Political leaders of yesteryear have a habit of weighing in on whatever issue of the day is making headlines. This week it was the turn of former UK prime minister Tony Blair and former Conservative party leader William Hague, who offered their two cents on how to transform Britain into an AI superpower.
In a new joint report, the pair set out their vision for how the UK can become a global leader in AI innovation and policy making. It includes recommendations like establishing a national lab to research and test safe AI and building publicly owned datasets for AI training.
In an interview with Sifted, Blair says that he and Hague “have spent a long time studying” AI. So what does the former prime minister’s vision for an AI-powered future look like in Britain?
The potential benefits of AI
The report’s opening section imagines a future where “every child has an AI mentor” to help their education. The problem with that though, is that the large language models (LLMs) behind chatbots like ChatGPT have a tendency to “hallucinate” and make up false information.
When asked how to counteract that and make AI mentors safe for children, Blair says: “The truthful answer is that I'm not sure at this stage exactly how this should be handled. The best answer I have is to put the changemakers and the policymakers in a deep conversation together.”
He gives a similar answer when asked about another touted benefit of AI in the report: the ability to empower artists with generative tools.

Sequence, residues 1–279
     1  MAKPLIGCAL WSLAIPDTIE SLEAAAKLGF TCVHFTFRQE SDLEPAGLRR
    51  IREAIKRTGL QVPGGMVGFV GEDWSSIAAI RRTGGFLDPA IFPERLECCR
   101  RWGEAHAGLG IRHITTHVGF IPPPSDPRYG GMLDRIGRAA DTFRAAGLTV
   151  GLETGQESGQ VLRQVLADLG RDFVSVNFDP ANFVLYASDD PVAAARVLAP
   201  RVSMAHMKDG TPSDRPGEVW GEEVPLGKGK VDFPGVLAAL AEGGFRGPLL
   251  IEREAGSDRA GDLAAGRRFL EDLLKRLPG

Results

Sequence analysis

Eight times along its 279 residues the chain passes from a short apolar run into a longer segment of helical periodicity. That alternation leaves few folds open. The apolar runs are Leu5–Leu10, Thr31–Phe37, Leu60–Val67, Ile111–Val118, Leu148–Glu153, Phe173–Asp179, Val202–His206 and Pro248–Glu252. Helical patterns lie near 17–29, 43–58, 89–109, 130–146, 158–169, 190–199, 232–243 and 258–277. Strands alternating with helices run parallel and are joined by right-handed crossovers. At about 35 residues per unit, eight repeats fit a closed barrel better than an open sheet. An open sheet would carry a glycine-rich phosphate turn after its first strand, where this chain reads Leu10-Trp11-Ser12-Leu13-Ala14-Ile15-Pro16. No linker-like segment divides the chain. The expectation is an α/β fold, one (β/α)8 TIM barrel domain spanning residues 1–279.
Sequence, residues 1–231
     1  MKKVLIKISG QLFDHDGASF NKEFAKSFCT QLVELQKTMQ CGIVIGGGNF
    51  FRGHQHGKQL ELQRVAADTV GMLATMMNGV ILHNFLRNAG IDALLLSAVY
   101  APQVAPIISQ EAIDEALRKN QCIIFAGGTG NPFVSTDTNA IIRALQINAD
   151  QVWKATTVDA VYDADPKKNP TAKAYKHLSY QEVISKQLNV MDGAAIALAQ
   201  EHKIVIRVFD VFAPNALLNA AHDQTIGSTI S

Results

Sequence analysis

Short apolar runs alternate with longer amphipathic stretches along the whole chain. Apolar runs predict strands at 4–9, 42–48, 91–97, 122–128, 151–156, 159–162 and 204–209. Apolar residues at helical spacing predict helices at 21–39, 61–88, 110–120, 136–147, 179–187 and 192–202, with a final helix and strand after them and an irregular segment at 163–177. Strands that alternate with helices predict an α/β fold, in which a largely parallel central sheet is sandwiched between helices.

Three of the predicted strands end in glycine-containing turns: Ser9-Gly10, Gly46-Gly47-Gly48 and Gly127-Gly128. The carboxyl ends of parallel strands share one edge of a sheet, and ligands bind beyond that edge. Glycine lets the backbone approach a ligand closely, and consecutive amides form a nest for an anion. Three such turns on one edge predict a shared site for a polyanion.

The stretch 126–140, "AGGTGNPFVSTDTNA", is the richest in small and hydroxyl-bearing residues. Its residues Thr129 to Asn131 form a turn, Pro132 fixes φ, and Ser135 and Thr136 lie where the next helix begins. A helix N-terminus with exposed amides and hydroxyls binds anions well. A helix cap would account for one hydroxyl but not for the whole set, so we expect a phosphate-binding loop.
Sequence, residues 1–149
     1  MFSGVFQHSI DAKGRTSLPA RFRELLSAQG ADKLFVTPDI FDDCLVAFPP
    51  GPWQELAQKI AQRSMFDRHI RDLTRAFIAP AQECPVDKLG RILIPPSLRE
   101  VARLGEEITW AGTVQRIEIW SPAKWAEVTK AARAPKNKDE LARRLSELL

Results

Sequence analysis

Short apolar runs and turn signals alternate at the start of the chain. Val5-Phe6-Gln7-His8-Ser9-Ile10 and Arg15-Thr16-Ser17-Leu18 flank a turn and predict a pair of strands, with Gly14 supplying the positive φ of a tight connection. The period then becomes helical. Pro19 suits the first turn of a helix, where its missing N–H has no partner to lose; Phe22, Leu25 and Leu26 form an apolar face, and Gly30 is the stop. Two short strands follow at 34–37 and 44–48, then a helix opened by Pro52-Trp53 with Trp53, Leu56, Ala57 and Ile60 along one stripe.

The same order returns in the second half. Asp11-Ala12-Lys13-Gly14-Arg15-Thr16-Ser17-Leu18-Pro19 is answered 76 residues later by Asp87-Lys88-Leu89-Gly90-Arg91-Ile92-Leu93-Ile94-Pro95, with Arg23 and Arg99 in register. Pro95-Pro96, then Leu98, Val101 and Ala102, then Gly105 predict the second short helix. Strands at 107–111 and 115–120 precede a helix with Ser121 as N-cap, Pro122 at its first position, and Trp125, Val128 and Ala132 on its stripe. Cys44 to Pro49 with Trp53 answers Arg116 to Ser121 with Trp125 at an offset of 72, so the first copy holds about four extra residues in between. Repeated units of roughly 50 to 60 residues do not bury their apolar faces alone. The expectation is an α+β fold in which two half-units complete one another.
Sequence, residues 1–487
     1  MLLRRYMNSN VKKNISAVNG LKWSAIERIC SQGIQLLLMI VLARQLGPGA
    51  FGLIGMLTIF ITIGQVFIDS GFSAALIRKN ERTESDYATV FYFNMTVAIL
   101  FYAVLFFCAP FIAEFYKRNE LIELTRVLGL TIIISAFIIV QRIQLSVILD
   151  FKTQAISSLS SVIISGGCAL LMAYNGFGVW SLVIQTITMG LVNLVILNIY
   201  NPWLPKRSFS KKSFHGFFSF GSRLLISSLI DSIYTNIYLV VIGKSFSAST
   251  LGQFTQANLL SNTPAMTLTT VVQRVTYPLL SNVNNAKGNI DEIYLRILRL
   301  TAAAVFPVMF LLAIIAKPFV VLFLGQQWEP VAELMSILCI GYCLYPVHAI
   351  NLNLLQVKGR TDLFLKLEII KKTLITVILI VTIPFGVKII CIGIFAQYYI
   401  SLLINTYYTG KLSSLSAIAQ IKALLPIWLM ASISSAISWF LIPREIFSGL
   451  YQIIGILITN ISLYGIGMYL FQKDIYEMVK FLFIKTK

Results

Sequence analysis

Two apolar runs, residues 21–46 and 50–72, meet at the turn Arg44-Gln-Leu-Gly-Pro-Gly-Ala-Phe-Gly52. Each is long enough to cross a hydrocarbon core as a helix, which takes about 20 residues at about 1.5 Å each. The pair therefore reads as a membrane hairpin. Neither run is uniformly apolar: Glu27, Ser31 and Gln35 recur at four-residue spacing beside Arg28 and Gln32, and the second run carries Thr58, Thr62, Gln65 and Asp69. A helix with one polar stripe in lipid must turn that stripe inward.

Artists, creators and publishers are currently suing multiple generative AI companies over the misuse of copyrighted work that’s included in AI training data. Blair’s opinion is that “you've got to have a proper set of copyright protections”.
On whether or not that should be in the form of some kind of licensing arrangement, the former UK prime minister says: “You have to go into it in a really deep way with the people who know what they're doing and what they're talking about.”
Blair is similarly vague about a recommendation in the report to “require generative-AI companies to label the synthetic-media deepfakes they produce” — such as Donald Trump sharing AI-doctored videos of CNN political commentators.
When asked how this could work in practice — given the prevalence of open-source image generation tools and the ease of editing out watermarks with tools like Photoshop (made even easier by Photoshop's new generative AI plug-in) — he says he doesn't know yet.
“I'm not sure of what the answer is at the moment. But I think you'll have to end up with a situation where there's strong sanctions on people who break these rules,” Blair says.
The report also describes how AI could be adopted to improve the delivery of public services, such as for verifying “if a citizen meets the prerequisites for a service based on available data”.
Al is already being used by the UK government to make decisions about public services, such as deciding who should be investigated for welfare fraud, often resulting in marginalised groups being unfairly targeted due to algorithmic bias.
Blair says that, while bias in AI is a risk, it shouldn’t stop further rollout of AI-powered decision-making in the public sector.
“Ultimately, my view is that you've got to go with this because of the enormous benefits, and then investigate and interrogate those areas where you might have inherent bias,” he says.
On the whole, the former prime minister believes that policy-makers need to engage with the entrepreneurs and technologists who are building AI technology, in a bid to design better policies and regulation.
“At the moment, [policy-makers’] appreciation of this is very low. It's growing, but it needs to accelerate fast, because the technology is accelerating fast.”